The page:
Step 19: 12 hours after adding the culture, put the cheese in the brine. I usually make cheese in the morning and then put it in the brine at night, before going to bed.
The brine is made by dissolving two pounds of cheese salt into one gallon of water. Keep the brine refrigerated and reuse it over and over.
Step 20: Leave the cheese in the refrigerated brine overnight.
Step 21: In the morning, take the cheese out and pat it dry with paper towels. Put the cheese on a cheese mat on top of a stainless steel wire rack so the air can circulate around the cheese. Put the wire rack on a cookie sheet to catch the liquid, which will continue to drip.
If mold develops on the cheese, you are not keeping it dry enough, or there is too much humidity.
Your cheese will now dry at room temperature. Turn it regularly until it is dry to the touch. This process can take up to five days. If mold develops on the cheese, you are not keeping it dry enough, or there is too much humidity. Just wipe off the mold—your cheese will be fine.
In chapter 5, I will show you what to do when the cheese is dry.
You made a beautiful wheel of cheese, and it’s dry. Now what?
I vacuum seal my cheese. I know, I know. How can cheese breathe when it’s sealed in plastic? All I can say is that I have done it like this for a decade, and it has worked out beautifully.
I have tried using cheese wax, which makes it look pretty, but it doesn’t work very well for me. When the cheese dries and shrinks, the wax can crack and create mold. For some reason, the edges always get thin and mold.
Plus, wax is very hot and hard to handle, and I usually make cheese when my little children are underfoot. The few times I waxed the cheese, I burnt myself and was scared my kids would get splattered.
If you choose to try waxing, one trick is to put your wheel of cheese in the fridge for an hour so the hot wax will really adhere to the cold cheese. Vacuum-sealed cheese might not look as pretty as waxed cheese, but it works well and is convenient and cheap.
Few of us have access to a real cheese cave. I do all my cheese aging in our cellar/crawl space. Cheese needs relatively high humidity and a temperature range of 50–55°F to age properly. Humidity should be no less than 75% and no greater than 95%. Although my cellar is not consistent with this, it’s close enough.
If you don’t have a cellar, you can use a little wine cooler or a dorm-size fridge turned up to 55°F with a bowl of water in the bottom for humidity. You can monitor the humidity with a hygrometer if you want, although I never do.
Cheese is a living, breathing thing. It needs to age and mature to develop its flavor and texture. You need to let cheese made from raw milk age at least two months to make it safe in case there are bad bacteria present. Time allows the curd to dehydrate and become acidic enough to make it hard for harmful bacteria to multiply.
Cheese is a living, breathing thing. It needs to age and mature to develop its flavor and texture.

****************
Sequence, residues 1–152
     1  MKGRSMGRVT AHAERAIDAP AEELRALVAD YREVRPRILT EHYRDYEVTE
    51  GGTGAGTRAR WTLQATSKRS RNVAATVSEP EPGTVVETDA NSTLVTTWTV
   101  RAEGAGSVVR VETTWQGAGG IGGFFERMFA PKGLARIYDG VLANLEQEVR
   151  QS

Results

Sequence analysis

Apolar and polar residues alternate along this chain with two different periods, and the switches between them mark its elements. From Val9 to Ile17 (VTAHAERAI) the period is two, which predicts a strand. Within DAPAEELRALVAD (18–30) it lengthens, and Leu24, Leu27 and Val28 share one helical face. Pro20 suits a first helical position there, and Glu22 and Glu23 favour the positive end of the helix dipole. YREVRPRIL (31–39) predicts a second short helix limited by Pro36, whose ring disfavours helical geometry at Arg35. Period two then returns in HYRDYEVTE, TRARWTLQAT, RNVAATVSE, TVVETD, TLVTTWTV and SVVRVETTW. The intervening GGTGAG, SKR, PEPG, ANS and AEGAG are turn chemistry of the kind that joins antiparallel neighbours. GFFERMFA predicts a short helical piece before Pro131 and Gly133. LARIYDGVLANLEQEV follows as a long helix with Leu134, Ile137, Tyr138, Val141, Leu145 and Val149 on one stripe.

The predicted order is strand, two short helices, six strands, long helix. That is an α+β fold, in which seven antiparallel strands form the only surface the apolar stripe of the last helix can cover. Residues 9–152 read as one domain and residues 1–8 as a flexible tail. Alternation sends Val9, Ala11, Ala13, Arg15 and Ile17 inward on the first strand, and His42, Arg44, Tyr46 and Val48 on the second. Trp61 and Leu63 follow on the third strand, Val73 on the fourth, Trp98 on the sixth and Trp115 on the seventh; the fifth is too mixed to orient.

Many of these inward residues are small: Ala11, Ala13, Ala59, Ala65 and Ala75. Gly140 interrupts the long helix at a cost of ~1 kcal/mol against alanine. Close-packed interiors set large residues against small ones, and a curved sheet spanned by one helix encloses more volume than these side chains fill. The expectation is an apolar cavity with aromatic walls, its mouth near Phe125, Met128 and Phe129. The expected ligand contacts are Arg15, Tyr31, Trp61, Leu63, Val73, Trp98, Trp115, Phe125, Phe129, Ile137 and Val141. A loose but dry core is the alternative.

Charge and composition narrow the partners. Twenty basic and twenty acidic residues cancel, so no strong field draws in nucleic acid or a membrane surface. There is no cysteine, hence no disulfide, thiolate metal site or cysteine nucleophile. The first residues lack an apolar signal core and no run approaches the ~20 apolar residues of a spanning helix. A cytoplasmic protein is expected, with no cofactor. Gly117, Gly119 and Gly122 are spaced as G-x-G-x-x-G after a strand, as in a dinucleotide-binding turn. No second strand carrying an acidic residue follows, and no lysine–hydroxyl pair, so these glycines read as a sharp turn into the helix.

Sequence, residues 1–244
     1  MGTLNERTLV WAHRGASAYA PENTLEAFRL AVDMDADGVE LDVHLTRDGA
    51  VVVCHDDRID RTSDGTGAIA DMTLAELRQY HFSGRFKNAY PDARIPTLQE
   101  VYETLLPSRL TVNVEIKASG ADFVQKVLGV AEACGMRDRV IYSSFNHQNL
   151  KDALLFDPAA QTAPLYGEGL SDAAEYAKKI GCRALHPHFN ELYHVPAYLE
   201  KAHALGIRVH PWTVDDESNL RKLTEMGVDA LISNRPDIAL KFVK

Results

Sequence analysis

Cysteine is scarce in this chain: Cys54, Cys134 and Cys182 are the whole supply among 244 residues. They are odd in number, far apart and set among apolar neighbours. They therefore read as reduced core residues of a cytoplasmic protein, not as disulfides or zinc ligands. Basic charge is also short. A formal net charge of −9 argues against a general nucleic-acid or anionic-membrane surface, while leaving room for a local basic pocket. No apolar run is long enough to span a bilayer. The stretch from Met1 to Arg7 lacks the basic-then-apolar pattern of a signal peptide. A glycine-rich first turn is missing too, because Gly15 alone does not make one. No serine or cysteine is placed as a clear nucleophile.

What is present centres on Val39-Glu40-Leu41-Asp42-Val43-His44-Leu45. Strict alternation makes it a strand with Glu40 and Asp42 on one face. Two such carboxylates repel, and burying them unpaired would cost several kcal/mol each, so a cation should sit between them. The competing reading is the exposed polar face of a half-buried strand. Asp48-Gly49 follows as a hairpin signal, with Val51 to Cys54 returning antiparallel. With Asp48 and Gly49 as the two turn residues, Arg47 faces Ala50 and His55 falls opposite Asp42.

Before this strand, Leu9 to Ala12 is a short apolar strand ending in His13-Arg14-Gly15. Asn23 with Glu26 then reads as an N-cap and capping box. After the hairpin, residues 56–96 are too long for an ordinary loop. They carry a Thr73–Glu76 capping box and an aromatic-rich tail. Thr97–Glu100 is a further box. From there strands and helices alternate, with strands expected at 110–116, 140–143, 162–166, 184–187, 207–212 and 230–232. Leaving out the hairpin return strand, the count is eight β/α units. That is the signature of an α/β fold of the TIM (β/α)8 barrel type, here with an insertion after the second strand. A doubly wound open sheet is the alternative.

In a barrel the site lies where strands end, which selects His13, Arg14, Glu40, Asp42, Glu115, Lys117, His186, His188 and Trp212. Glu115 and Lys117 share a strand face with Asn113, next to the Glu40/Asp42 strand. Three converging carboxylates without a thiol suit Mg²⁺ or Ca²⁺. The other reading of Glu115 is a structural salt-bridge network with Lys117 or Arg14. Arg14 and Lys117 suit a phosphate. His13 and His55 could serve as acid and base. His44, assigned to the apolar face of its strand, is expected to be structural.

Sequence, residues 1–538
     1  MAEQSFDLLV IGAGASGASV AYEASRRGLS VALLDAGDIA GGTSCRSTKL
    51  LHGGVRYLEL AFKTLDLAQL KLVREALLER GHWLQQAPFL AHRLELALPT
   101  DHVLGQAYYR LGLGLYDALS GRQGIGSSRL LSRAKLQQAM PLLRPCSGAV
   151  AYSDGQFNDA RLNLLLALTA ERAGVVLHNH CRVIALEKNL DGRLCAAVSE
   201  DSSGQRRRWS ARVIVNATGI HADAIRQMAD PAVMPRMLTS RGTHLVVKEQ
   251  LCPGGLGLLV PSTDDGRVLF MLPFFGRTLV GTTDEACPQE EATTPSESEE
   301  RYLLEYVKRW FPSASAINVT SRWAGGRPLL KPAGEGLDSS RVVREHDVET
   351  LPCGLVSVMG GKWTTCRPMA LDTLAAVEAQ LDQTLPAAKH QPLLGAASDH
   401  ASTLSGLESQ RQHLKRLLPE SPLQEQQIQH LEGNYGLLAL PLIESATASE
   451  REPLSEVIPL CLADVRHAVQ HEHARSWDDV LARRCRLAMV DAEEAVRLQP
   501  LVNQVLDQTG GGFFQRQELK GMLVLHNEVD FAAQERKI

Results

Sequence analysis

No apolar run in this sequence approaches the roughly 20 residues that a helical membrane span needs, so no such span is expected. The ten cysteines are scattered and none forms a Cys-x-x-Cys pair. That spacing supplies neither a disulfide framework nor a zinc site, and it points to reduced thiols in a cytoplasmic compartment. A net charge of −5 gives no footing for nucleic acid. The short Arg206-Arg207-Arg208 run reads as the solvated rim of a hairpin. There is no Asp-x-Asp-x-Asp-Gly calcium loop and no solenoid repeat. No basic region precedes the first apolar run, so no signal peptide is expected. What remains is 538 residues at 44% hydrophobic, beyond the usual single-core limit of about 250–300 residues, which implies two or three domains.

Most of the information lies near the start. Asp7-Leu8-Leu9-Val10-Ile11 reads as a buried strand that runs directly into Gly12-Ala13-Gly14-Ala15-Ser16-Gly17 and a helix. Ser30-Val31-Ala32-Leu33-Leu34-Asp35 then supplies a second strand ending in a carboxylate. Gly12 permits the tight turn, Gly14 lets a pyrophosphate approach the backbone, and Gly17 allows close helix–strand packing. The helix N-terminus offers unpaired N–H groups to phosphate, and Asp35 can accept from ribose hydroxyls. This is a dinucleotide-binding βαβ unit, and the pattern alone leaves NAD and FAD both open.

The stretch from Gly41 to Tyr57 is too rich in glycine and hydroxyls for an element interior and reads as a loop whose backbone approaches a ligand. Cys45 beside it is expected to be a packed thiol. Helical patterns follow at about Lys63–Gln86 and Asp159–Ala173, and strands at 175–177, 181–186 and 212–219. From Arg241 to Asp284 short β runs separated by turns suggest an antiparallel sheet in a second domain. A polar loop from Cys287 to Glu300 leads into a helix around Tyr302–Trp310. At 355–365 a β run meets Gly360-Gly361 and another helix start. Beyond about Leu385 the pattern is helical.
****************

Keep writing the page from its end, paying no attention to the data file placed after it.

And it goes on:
In my opinion, the longer you age cheese the better it gets—I really love strong cheese. Some people prefer younger, milder cheese that has only been aged for two months. I never manage to hold onto my cheese long enough to age it a long time, so my husband once hid a wheel of cheese from me.
On our anniversary, he presented me with a large mysterious present. I ripped it open and found a wheel of my own Gouda cheese that I had made one year before. What a romantic guy, my husband, eh? We cut into the cheese right then and loved the stronger flavor so much that I now restrain myself and hold onto the cheese longer. It’s worth it.
A word of caution if you age your treasured cheese in a cellar: The first year I made cheese, I had accumulated about a dozen beautiful wheels. They happily matured in our dirt-floor crawl space.
When I checked on the cheese one day, I realized with horror that mice had tunneled underneath the stem wall through the dirt floor and taken nibbles from my cheese. They must have thought they’d died and gone to heaven! I was extremely frustrated and begged my husband to fix the situation. He promptly poured concrete onto the floor, and we have never had a problem since. Ha! Take that, mice!
So, there you go! That’s all you need to know to get started making cheese. What are you waiting for?
Abbreviated Gouda Cheese Making Instructions
If using pasteurized milk, dilute 1/4 teaspoon calcium chloride in 1 cup water per gallon of milk, then start heating the milk.
Step 1: In a stainless steel pot, warm milk to 84 degrees F.
Step 2: For 2 to 4 gallons of milk, add 1/4 tsp MM 100 culture. For 4 to 10 gallons of milk, add 1/2 tsp culture.
Step 3: Let sit for 15 minutes to ripen.
Step 4: For 2 to 4 gallons of milk, add 1/2 tsp rennet diluted in 1/2 cup water. For 4 to 10 gallons of milk, add 1 tsp rennet diluted in water. Stir thoroughly for 30 seconds.
Step 5: In a different pot, start heating water to 140 degrees F.
Step 6: Let milk sit and coagulate for 25 minutes, or until you get a clean break when inserting a knife into the milk (see step 6 in the step-by-step instructions above).
Step 7: Slowly cut the curds into small, pea-size cubes for 10 minutes.
Step 8: Drain about 1/4 of the whey.
Step 9: Add 140-degree F water until the curds reach 90 degrees F.
Step 10: Stir the curds for 12 minutes.
Step 11: Drain the whey until it’s one half the volume of the milk you started with.
Step 12: Add 140-degree F water until the curds reach 95 degrees F.
Step 13: Stir the curds for 10 minutes.
Step 14: Drain the curds in a colander.
Step 15: Put curds into a mold.
Step 16: Press at 15 pounds of pressure for 30 minutes.
Step 17: Flip cheese over and press again at 15 pounds of pressure for 30 minutes.
Step 18: Take weight off mold, but leave cheese in mold until you are ready to put it in brine.
Step 19: 12 hours after adding culture, put cheese in brine in fridge (stir 2 pounds of cheese salt into one gallon water).
Step 20: Leave cheese in brine for 12 hours.
Step 21: Take it out of brine and dry on cheese mat at room temperature for several days until cheese is dry.
Step 22: Vacuum pack or cover with cheese wax.